Monday, December 5, 2016

Oh Deer! Park In Cuttack Crying For Attention

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The Silver City of Cuttack gets its own distinct flavour of quaint Odia culture, unlike the metro feel of the capital city, from all that it is brewed. More than a thousand years old, this city may not be a place for many tourist attractions but is home to more than a few historically symbolic institutions, temples, markets, artistic crafts and food traditions.

 

Deer park, nestled on the quieter banks of river Mahanadi in Madhusudan Nagar near Biju Patnaik Chowk, which is being maintained by the Cuttack Municipal Corporation is one of the major attractions of the city. While these innocent spotted sprinters for years have carved a happy space in the hearts of people belonging to the city, the same cannot be said about their habitat. The park has been entangled in problems over the last few years for more than one reason, lack of adequate space, being one of them.

 

Originally set up in an area of four acres in 1980, the park should ideally accommodate not more than 50 deer according to the guidelines of Central Zoo Authority (CZA). However, the population now stands at 165, including males, females and fawn.

Although the civic authorities had decided to come up with a second deer park on a much larger scale as part of a beautification drive of the city and also to accommodate the excess animals, the plan has been embroiled in controversies, moving at a snail’s pace.

 

The overcrowding has taken a toll on the living conditions of the mammals. It has also led to inbreeding causing many genetic defects in the captive animals. The CZA has been raising objection on this issue for a decade now and has also threatened to cancel the license of the park but the CMC has been unable to take any action in this regard.

 

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According to Cuttack Municipal Commissioner Gyanaranjan Das, the CMC has been tapping on possible locations to rehabilitate these animals. “The new site will not just accommodate the excess number of animals but also incorporate many other recreational facilities for visitors. It will be a part of the beautification programme of the city and the investment will be taken from the revenue income of the corporation. But we are yet to implement our plans as suitable land is yet to be allocated for the project. As of now, we have segregated the males from the females to control the multiplying population of deer in the park,” adds Das.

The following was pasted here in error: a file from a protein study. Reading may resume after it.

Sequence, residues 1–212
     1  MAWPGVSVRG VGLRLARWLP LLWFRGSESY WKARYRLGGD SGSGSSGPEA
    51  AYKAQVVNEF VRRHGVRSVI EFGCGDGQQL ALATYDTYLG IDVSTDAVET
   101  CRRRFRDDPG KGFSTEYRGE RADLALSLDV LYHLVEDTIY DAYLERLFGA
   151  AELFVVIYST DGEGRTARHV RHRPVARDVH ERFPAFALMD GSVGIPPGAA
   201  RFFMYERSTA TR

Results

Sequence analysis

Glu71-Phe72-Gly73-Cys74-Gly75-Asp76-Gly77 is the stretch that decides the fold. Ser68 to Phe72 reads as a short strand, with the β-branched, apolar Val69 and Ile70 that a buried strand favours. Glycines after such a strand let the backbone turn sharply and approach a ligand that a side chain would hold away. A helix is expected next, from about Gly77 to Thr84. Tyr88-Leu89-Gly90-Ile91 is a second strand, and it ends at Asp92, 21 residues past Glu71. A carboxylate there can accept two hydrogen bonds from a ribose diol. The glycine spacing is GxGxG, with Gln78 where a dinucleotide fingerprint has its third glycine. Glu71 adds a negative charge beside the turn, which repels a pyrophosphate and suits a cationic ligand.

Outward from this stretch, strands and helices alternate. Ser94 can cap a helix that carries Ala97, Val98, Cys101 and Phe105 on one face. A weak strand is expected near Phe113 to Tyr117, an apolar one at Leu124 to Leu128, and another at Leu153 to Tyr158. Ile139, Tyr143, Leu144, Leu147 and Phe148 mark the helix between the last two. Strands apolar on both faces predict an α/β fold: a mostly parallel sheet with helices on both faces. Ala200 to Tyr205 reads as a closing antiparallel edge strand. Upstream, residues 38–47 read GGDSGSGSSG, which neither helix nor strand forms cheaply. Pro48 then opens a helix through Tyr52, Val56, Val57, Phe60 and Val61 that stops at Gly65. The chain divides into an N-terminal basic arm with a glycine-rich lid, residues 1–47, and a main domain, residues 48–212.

The overpopulation has also raised concern over the healthcare facilities for the animals as there is no adequate veterinary care available during emergency situations. Further since these deer have been bred in captive, they have lost their natural instincts to survive in a natural environment.

They also invariably suffer from mild forms of tuberculosis and thus cannot be released into the wild as they carry the threat of infecting other wild animals. Nandankanan Zoo in Barang and other sanctuaries too have refused to take these animals as it may disturb their eco-system.

 

But overcrowding is not the only problem the park is encountering. Although the deer park has always been a prime location for tourists in Cuttack, it has seen very few changes ecologically as well as aesthetically, over the years.  “We have been noticing many deficiencies in the maintenance of the park for quite a long time. The foliage is very less compared to the deer population and I believe that the park should be given a facelift by planting more trees and thus also help the animals battle the heat wave during summer,” says Rohan Nayak, a local resident and a philotherian.

 

Lack of sufficient shelters is, in fact, a major problem for the mammals even during monsoons. Water logging inside the park premises add to their woes as they struggle to find dry patches. The animals fall sick either from drinking the collected water or of pneumonia.

 

Yet another issue has been lack of security around the park to keep away unruly visitors, who feed the animals despite the iron-wired standoff barrier, making them sick. However, denying these allegations, Gyana Ranjan Das tells us that they are maintaining the park to their best of efforts, and are alert in keeping away any disturbance for the animals.

 

“The establishment already violates the Prevention of Cruelty to Animals Act and Wildlife Protection Act. Though the park cannot be shut down immediately till the existing population remains, it has very limited space and the breeding should be stopped immediately till a second site is ascertained,” concludes Wildlife conservationist and environmentalist Biswajit Mohanty.

 

Vol-3, Issue-2 Shreeyanka